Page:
Never take your own revenge, beloved, but leave room for the wrath of God, for it is written, "VENGEANCE IS
MINE, I WILL REPAY," says the Lord.
If you take vengeance, you take that which God explicitly
tells you belongs to him. You are to leave it to the wrath of God — which
sometimes is superseded by his mercy. And blessed are the merciful.
Forgive Us Our Debts
So mercy inclines us to forgiveness. As our Lord said, this
is a 7 x 70 process. But it's a very profitable one for us — because we
exchange human mercy, fallible as it is, for divine mercy which is perfect. The
blessing given to us here is not one of an exchange of equal value. Rather, it
is an exchange of our best effort for his complete mercy. Valued as a bargain,
this is an enormously good deal.
So why is it that so many of us have such trouble being
merciful? I suspect it is because we are rather dour about it. Listen to what
St. Paul says about it:
Romans 12:8 NASB
or he who exhorts, in his exhortation; he who gives, with liberality; he who
leads, with diligence; he who shows mercy, with
Why do we need mercy with cheerfulness? It's because in most
cases of mercy it's easy to see that the problem we are trying to remedy is the
other guy’s fault. We can very often say that if they hadn’t been so stupid they
wouldn't be in this mess. And we come back to that question of vengeance; what
we really want to do is to get even with him for bothering us with his needs.
Chrysostom went so far as to say that the man who gives charity (that is,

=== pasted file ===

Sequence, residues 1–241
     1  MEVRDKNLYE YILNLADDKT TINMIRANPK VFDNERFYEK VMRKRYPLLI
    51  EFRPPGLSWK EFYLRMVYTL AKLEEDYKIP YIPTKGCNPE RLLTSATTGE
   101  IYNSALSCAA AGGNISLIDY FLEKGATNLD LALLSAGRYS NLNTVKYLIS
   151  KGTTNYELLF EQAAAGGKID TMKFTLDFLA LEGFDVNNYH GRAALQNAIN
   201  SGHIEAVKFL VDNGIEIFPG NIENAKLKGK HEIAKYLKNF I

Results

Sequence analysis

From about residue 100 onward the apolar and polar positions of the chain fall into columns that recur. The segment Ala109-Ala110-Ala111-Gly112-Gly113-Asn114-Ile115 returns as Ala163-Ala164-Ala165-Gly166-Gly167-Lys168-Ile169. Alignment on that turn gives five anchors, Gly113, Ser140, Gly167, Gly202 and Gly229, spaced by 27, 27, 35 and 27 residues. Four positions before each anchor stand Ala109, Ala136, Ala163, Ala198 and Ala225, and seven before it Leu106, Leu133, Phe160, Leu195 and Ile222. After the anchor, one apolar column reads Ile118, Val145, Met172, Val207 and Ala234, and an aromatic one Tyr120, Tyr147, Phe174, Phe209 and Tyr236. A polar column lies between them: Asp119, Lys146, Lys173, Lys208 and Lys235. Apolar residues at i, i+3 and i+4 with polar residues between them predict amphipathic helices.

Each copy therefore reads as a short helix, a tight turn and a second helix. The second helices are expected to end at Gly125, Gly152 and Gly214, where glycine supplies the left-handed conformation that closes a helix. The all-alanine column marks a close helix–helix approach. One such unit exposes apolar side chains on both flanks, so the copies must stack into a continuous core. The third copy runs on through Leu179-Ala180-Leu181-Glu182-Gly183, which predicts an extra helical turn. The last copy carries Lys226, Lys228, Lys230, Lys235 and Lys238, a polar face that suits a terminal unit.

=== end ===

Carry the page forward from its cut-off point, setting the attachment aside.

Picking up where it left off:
mercy) on behalf of the church should be a cheerful giver – because otherwise
he's going to be a real sourpuss really fast. (I am happy to report that the
individual responsible for this at our home church is the model of a cheerful
The Imitation of God
One thing is very certain: the attribute of mercy is a
beautiful adornment to the Christian. Nothing so exemplifies the life of God
within the Christian as the mercy the Christian shows. Virtually every religion
commands mercy; virtually everyone believes that mercy is a good thing,
especially when it is the matter of charity. It is the law of the moral world
(the universe is a moral place, what goes around comes around) that the merciful
deserve and often get mercy.
It's more than that. Let me give you an example. When asked
to comment on the subject, Robert E Lee said that he surrendered as much to the
mercy of Abraham Lincoln as to the armies of Ulysses Grant. Students of the Civil
War know that we could have sparked a guerrilla resistance. Instead he relied